Last month, the Trinity River Improvement Partnership (TRIP) sponsored a forum at the Fort Worth Botanic Garden to discuss the merits of the Trinity River Vision project.
(You know, that project that’s going to cost $900 million to prevent flooding even though the last big flood around these parts was back around 19-and-49.) TRV Executive Director J.D. Granger promised to show up for the panel discussion and take questions from the crowd weeks in advance, but he cancelled at the last minute. The crowd booed heartily at the mere mention of his name. “He’s a gutless wonder,” shouted one.
He might lack guts, but he’s got gall. The latest issue of the TRV’s quarterly newspaper includes an article entitled “Need a Speaker?” The TRV promises to provide one to any group free of charge for a 40-minute narration. Unless of course they hear that the crowd might include people who want to question flood control disguised as economic development or question the no-bid sweetheart deal the TRV gave local chef Tim Love for his Woodshed restaurant on the Trinity River or question the … well, you get the idea.
Fasten Your Seatbelts
Remember when American Airlines labor groups came together in 2003 and agreed to financial concessions to help the struggling AMR Corp mothership stay afloat during tough times? The 9/11 bombings had sent the airline industry into a tailspin, and subsequent increases in fuel prices followed by a recession created more hardships. Times have been really tough at American Airlines unless you’re an executive. Those dudes have done well for themselves. (CEO Gerard Arpey, who just resigned, hauled in about $15 million in salary and bonuses during the past five years or so.)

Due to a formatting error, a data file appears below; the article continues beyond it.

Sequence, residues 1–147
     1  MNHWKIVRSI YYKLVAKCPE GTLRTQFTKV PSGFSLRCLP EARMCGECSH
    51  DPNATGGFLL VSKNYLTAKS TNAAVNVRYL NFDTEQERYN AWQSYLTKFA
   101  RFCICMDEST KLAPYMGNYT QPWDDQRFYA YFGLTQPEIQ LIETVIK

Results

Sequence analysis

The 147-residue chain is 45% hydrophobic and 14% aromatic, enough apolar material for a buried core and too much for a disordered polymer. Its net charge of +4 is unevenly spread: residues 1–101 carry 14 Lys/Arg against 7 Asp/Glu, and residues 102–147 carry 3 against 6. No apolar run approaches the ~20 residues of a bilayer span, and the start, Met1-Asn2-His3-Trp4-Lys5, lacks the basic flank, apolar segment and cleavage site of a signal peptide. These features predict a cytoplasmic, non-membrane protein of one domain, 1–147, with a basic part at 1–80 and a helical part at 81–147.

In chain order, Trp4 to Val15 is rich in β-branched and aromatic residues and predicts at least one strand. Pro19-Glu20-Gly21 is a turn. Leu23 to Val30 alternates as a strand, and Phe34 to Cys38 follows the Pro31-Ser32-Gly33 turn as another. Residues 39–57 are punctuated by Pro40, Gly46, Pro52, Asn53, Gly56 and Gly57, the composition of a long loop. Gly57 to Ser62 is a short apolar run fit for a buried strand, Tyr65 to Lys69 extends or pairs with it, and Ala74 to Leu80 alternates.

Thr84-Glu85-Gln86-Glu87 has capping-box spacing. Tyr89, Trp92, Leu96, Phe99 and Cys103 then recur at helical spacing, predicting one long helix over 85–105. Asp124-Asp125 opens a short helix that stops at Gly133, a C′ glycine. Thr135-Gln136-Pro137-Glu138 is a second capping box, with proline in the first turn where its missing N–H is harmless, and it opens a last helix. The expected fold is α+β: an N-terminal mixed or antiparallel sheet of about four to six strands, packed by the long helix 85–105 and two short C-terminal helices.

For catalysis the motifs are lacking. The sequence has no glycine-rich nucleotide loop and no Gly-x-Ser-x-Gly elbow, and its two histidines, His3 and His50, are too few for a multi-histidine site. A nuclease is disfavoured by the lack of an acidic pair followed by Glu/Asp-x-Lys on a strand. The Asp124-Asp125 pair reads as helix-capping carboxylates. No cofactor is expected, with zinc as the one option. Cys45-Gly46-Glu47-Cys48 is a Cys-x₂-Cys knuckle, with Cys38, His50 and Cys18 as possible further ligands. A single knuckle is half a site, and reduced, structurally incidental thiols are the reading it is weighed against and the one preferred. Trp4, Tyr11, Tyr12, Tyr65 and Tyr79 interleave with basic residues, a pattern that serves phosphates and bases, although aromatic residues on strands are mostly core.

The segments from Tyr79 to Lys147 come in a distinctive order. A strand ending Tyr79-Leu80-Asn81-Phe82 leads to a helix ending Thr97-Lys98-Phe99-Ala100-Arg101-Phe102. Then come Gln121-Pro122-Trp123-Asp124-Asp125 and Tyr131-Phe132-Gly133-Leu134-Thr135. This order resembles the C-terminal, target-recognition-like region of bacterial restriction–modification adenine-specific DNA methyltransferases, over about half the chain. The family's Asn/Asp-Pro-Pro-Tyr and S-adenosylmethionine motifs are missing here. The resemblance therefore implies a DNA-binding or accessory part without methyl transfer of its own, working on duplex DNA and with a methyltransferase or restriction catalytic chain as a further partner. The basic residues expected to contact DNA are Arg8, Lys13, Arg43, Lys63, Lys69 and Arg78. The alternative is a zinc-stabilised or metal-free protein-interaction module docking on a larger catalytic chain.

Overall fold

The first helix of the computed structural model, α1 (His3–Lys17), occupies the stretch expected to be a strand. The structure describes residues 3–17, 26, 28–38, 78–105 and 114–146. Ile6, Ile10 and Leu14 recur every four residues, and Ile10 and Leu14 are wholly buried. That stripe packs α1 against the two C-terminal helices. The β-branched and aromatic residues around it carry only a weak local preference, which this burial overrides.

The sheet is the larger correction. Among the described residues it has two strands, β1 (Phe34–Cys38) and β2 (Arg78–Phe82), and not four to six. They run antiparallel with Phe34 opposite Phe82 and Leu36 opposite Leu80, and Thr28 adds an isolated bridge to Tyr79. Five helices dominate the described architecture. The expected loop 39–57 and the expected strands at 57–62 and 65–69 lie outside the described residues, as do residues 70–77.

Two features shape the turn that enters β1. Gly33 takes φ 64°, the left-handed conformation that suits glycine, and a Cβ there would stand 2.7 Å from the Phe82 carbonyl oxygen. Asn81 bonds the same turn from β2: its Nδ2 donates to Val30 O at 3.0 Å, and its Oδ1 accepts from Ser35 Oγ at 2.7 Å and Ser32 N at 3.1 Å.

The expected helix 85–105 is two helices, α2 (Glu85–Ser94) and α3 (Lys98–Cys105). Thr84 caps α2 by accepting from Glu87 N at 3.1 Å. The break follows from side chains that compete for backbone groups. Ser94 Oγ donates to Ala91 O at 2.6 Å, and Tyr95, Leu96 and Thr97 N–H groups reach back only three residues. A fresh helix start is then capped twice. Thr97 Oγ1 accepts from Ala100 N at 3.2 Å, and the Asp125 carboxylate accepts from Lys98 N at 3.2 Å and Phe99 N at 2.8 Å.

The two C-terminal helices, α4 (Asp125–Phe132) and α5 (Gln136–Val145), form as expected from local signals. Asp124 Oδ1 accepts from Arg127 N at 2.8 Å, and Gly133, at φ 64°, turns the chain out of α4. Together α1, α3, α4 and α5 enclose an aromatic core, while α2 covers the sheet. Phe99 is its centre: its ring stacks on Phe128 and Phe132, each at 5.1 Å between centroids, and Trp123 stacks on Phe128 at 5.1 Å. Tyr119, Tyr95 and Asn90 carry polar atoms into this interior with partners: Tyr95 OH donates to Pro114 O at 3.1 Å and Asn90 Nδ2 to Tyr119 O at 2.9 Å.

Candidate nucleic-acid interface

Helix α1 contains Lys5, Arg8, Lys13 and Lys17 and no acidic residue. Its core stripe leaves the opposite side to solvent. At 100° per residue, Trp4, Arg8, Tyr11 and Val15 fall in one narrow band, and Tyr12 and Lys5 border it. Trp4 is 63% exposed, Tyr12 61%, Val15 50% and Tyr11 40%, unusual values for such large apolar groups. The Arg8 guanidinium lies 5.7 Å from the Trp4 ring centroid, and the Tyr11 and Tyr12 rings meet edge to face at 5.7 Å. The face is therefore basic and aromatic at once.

The company assured union employees that their sacrifices would be appreciated and remembered. Meanwhile, nearly every other airline was busy filing Chapter 11 bankruptcy and “restructuring,” which is a fancy word for shedding obligations regarding salaries and pensions. American Airlines ended up with some of the highest overhead costs in the industry and an outdated fleet with poor fuel efficiency in an era of soaring jet fuel costs. So they laid off employees, retired planes, whittled at overhead costs, nickel-and-dimed passengers with various fees — and still lost buckets of money. Meanwhile, pilots and other union employees clamored for new and better contracts. So American Airlines called a legal timeout.
“They’ve got a huge mountain to climb,” said Bernard Weinstein, an economist at Southern Methodist University. He predicts that American Airlines could become a merger prospect if it comes out of bankruptcy. In other words, employees, shareholders, and bondholders might suffer, but passengers shouldn’t notice much difference.